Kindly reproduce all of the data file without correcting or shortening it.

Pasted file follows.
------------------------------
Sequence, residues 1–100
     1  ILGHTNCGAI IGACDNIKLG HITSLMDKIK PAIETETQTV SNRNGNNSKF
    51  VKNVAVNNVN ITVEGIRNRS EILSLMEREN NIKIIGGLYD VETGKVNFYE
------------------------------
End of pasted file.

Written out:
Sequence, residues 1–100
     1  ILGHTNCGAI IGACDNIKLG HITSLMDKIK PAIETETQTV SNRNGNNSKF
    51  VKNVAVNNVN ITVEGIRNRS EILSLMEREN NIKIIGGLYD VETGKVNFYE